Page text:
The arrangement of atoms within a crystal is often referred to as the crystalline lattice. This is due to the large number of bonds between the atoms (particularly in metallic and ionic materials).

A discrete (additive) subgroup of Rd. A lattice is always isomorphic to Zd', for some d' < d. This fact is non-trivial to prove, and depends heavily on the discreteness of the lattice.

The form of the isomorphism is also decidedly nontrivial (and nonunique); some very hard problems arise from lattices, e.g. in computational number theory.

A lattice is a partical ordered set (set with a partial order), where every subset containing 2 elements (subsets {a,b}) has a least upper bound (supremum, sup) and a greatest lower bound (infimum, inf).

A lower bound i is a infimum of a set S, iff for every x with for all y of S x <= y , x <= i holds. Dito for supremum with >=.

A lattice is called complete iff every subset has a supremum and an infimum.
A set whose all subsets {a,b} have a supremum is called upper half lattice. In a lower half lattice only the infimums must exist. Upper/lower half lattices are called complete iff the supremums/infimums of all subsets exist.

Examples: Set of subsets of a set is a complete lattice.
Boolean algebras are complete lattices (in fact lattices can be used, along with other constraints, to define a boolean algebra)
The real numbers are a lattice, but not complete.

def.1: a subset of real or complex (or quaternionic) n-space that consists of all finite sums of a set of n independent generating vectors with coefficients in the corresponding ring of integers.

def.2: an algebraic system generalizing the notion of unions and intersections of sets.

--back to combinatorics--

An alternate definition which is equivalent to noaseboar's which seems less arbitrary would be to say that a lattice is any poset where sup H and inf H exist for any finite non-empty subset H of L. This is readily seen to be the same. Let the lattice L be defined as noaseboar has defined it above. We can prove the definitions are identical by induction. Say our subset is H={a}, with only one element. Obviously then, sup H and inf H exist and are both a, because of the reflexive property of our partial ordering relation. Say sup Hn=x and inf Hn=y exist for a subset Hn of L of cardinality n. Let us add one element z to Hn, making Hn+1. Obviously sup Hn+1 exists and is simply sup {x, y}, and inf Hn+1 also exists and is inf {y, z}. So by induction both definitions are equivalent. The infimum or supremum of an empty subset of a lattice need not exist.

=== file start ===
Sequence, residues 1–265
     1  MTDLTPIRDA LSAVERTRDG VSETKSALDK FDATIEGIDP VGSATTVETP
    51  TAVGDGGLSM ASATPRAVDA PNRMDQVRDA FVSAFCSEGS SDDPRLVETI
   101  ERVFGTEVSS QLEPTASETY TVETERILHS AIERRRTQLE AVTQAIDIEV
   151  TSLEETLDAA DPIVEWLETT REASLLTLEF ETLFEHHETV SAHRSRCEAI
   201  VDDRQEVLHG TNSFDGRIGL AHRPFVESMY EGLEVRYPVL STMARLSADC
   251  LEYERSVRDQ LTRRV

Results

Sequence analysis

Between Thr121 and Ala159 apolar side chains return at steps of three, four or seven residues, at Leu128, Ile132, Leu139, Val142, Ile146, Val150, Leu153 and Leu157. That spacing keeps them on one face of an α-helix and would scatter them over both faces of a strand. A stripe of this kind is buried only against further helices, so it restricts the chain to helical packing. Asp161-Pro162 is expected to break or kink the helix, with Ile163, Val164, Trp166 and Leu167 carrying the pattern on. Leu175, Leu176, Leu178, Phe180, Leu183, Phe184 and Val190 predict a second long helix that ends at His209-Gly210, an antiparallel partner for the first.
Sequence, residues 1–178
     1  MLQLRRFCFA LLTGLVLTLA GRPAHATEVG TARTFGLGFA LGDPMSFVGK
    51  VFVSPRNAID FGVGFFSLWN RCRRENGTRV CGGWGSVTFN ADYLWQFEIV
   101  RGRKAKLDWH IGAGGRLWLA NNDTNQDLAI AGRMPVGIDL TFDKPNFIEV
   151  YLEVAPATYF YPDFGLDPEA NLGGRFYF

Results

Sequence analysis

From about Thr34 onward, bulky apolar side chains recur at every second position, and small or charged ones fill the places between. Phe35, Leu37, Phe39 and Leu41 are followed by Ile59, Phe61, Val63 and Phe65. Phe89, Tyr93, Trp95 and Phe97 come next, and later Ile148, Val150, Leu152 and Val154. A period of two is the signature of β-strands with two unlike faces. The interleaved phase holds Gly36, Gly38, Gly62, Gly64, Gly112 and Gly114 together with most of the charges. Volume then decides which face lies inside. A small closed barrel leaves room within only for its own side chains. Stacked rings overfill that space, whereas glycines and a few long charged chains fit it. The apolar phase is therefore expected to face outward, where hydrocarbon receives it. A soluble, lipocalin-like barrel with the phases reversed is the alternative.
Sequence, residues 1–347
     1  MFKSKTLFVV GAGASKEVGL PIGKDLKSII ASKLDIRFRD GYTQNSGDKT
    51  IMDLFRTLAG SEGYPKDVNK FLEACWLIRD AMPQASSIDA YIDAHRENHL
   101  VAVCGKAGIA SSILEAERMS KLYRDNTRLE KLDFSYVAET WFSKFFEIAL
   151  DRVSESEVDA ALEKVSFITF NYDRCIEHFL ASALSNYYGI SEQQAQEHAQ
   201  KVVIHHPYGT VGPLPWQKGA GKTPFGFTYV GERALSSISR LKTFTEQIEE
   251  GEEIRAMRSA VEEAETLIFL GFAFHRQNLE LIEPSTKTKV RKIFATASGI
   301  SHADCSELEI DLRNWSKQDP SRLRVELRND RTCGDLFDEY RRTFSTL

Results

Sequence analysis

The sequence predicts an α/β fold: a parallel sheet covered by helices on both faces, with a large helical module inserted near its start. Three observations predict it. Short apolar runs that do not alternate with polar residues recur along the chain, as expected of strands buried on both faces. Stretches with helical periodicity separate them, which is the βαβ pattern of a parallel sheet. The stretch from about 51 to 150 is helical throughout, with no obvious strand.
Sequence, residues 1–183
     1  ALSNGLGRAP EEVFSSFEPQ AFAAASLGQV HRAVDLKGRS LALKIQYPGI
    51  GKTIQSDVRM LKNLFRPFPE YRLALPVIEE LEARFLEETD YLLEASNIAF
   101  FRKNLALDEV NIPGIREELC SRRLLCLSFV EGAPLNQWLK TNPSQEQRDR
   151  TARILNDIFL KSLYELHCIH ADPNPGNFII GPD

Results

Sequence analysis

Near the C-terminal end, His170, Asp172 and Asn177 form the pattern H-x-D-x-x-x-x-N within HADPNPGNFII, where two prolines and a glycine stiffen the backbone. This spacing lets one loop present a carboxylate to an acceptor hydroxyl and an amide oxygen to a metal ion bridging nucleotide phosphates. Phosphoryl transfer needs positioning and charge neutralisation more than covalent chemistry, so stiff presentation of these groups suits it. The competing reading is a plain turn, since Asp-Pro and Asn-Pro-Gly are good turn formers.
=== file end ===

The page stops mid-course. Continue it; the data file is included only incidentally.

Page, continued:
Yet another way of looking at lattices is as an algebra <L; ∧ ; ∨> with L a non-void set and ∧ and ∨ are binary operations (known as the meet and join operations respectively) on L which are idempotent, commutative, and associative, and obey the absorption identities:

a ∧ (a ∨ b) = a, and

a ∨ (a ∧ b) = a.

This can easily be shown to be equivalent to noaseboar's definition above by setting sup {a, b} = a ∧ b and inf {a, b} = a ∨ b.

It will be noted that the meet and join operators described above have the same properties as the 'or' and 'and' operators in Boolean algebra.

Lat"tice (?), n. [OE. latis, F. lattis lathwork, fr. latte lath. See Latten, 1st Lath.]

1.

Any work of wood or metal, made by crossing laths, or thin strips, and forming a network; as, the lattice of a window; -- called also latticework.

The mother of Sisera looked out at a window, and cried through the lattice. Judg. v. 28.

2. Her.

The representation of a piece of latticework used as a bearing, the bands being vertical and horizontal.

Lattice bridge, a bridge supported by lattice girders, or latticework trusses. -- Lattice girder Arch., a girder of which the wed consists of diagonal pieces crossing each other in the manner of latticework. -- Lattice plant Bot., an aquatic plant of Madagascar (Ouvirandra fenestralis), whose leaves have interstices between their ribs and cross veins, so as to resemble latticework. A second species is O. Berneriana. The genus is merged in Aponogeton by recent authors.

Lat"tice, v. i. [imp. & p. p. Latticed (?); p. pr. & vb. n. Latticing (?).]

1.

To make a lattice of; as, to lattice timbers.

2.

To close, as an opening, with latticework; to furnish with a lattice; as, to lattice a window.

To lattice up, to cover or inclose with a lattice.

Therein it seemeth he [Alexander] hath latticed up Caesar. Sir T. North.

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